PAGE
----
Robert Chatterton on the LGBTQIA2S+ community in Antigonish
X-Pride’s very own Robert Chatterton generously took the time to be interviewed by Bailey DeEll. During this interview, we discuss his recent work with X-Pride and how he hopes it will affect the community of Antigonish.
BD: How long have you been involved with the X-Pride society?
RC: Since 2016, I began as a general member helping out with the events which lead me to have a leadership role. Later I became the president of the society in the 2017-18 year and have held the position since.
BD: What lead you to join the society?
RC: Early on in my time at StFX I was physically assaulted because of me being gay. From this I realised the lack of supports available to those a part of the LGBTQIA2S+ community, as well as a lack of community identity in general. My goal was to create a visible community for all students and to educate all students, especially those in first year, about the LGBTQIA2S+ and how to be an ally.
BD: What kinds of events do you currently hold to promote education and community at StFX?
RC: Sex Toy Bingo is hosted at the Inn once per semester, it is designed to be a sex positive and queer inclusive space to educate people on sex, especially sex outside the heterosexual couple. Spill the Tea is a workshop based educational discussion around different topics that effect the queer community specifically, this year we have covered sexualized violence and coming out narratives. In future Spill the Tea’s we plan to cover gender and Queer Intersectionality’s: How you can be privileged and oppressed at the same time, among others. We also held National Coming out Day organized by Bre O’Handley, the Gender and Sexuality Diversity Adviser. We gave students the opportunity to fill out a message on various posters, each with their own writing prompt to support and identify with the queer community. We have also had two Awareness weeks, one for bisexuality and the other for asexuality. These two identities are not necessarily recognized and validated so we wanted to highlight them and publicly show our support for these communities. Also we hold community building events, such as Homoween Bowling, movie nights, board gaymes’ nights. We also host coffeehouses at the Tall and Small each month where it is open to everyone in the community, including those in high school and older generations, to have an intergenerational mingling of queer folk.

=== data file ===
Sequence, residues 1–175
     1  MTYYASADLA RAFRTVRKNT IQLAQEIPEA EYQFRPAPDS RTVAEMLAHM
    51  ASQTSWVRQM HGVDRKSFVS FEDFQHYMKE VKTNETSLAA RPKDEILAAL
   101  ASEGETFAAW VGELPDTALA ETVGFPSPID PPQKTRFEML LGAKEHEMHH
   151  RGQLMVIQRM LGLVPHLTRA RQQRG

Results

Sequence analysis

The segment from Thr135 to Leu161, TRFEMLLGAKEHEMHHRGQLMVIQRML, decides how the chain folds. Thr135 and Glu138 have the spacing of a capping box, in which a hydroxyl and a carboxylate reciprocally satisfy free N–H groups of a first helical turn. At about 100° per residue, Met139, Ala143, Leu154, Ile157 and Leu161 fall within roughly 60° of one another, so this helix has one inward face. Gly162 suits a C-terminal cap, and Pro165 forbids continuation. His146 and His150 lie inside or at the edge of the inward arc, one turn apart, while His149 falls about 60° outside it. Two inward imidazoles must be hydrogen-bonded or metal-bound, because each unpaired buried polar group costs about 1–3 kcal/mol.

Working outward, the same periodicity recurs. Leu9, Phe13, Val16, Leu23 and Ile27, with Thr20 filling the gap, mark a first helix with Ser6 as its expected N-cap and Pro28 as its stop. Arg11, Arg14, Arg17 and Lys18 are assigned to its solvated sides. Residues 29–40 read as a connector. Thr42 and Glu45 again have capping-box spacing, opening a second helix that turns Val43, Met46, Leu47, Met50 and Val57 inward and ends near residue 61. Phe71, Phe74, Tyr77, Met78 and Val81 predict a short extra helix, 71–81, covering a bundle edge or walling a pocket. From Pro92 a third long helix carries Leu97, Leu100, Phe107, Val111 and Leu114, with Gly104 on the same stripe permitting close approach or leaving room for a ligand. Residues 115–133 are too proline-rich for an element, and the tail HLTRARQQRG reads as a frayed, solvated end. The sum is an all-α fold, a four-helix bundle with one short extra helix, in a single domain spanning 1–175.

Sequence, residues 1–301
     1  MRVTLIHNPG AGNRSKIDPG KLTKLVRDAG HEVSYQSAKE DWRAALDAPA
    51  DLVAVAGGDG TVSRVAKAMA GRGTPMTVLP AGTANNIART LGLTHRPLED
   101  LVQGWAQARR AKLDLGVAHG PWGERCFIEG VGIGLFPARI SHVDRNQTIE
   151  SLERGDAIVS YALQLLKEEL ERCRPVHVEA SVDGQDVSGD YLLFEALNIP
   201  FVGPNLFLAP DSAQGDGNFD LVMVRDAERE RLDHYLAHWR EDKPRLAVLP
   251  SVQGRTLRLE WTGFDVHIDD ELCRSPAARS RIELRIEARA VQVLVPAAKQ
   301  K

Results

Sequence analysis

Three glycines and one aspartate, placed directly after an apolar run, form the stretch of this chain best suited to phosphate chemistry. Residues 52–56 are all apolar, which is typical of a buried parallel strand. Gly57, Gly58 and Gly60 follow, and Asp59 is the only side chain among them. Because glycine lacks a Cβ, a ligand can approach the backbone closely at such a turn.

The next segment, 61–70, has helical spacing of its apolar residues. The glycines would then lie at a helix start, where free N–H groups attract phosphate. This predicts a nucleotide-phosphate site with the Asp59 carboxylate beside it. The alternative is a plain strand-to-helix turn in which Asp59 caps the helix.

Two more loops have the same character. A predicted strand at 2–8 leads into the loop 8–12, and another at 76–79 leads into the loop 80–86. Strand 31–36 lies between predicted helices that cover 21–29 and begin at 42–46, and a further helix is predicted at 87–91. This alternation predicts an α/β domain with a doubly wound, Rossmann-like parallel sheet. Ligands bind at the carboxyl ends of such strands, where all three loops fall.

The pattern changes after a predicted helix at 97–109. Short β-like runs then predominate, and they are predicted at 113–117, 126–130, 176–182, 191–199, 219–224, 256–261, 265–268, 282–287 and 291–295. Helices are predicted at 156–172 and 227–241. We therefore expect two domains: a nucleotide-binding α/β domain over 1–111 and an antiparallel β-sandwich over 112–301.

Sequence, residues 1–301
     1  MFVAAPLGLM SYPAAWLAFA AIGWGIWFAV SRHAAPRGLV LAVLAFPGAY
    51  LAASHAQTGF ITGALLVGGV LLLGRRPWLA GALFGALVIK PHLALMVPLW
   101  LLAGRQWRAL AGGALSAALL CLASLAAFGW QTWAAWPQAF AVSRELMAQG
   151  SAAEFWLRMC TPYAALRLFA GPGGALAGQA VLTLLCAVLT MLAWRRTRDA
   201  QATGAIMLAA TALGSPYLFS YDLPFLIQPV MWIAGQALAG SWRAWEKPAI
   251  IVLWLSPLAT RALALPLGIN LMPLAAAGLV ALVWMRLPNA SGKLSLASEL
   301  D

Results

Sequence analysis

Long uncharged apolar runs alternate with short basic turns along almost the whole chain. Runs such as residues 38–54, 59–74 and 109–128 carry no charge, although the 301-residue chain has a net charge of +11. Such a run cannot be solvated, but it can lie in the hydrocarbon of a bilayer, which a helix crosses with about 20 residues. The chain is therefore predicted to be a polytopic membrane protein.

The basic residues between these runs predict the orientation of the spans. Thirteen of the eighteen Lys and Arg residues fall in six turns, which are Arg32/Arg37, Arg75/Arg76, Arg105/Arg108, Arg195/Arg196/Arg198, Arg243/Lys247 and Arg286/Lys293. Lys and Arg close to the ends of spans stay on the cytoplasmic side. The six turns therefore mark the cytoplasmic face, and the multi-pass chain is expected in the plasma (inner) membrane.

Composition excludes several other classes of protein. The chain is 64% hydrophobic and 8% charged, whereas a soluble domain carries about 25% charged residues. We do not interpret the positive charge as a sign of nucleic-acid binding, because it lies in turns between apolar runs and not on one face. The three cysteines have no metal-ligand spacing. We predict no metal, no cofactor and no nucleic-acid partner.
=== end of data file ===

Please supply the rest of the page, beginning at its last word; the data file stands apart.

BD: With the coffeehouses being held so regularly, how do you feel they are beneficial for the community?
RC: I think they are beneficial because they provide an assessable queer positive representation that I think this town needs. Being someone from a rural Nova Scotian town, I had no queer positive representation in my life, until I came to StFX. Because of this, I had internalized homophobia and didn’t come out until I was 20. With the coffeehouses, my goal was to create a visible queer positive space that anyone can attend, from high school students to senior citizens, that will build intergenerational community and shift the town to be more queer inclusive as a whole. Hosting these coffeehouses at one of our local coffee shops bridges the gap between the university and the town.
BD: What are some of your future plans for X Pride this year that students and community members can look forward to?
RC: On November 20 we are holding a vigil for our Trans Day of remembrance, in which we remember and honour all those who have died because of transphobia. January contains the events I am most excited to tell you about, it is our Pride Month at StFX and we will have different events to celebrate the multifaceted interests of the community. Some of these events include a queer X Talks, drag queen hosted Sex Toy Bingo, and the Nova Scotia renowned drag show “Priscilla, Queen of the Highlands.” While these three are the highlights of the month, we still host our regular events like the coffeehouse and Spill the Tea, but also events exclusive to this month like rainbow party, art night, among others. Lastly we organize a trip to the Halifax pride parade in July to have local Gender and Sexuality Alliance (GSA) students experience a celebration of queer identity.
For more on X-Pride check them out on Facebook, Instagram, and Twitter, and for other resources pertaining to the LGBTQIA2S+ community look for Bre O’Handley in the new offices on the fourth floor of the Bloomfield Centre, or contact her at firstname.lastname@example.org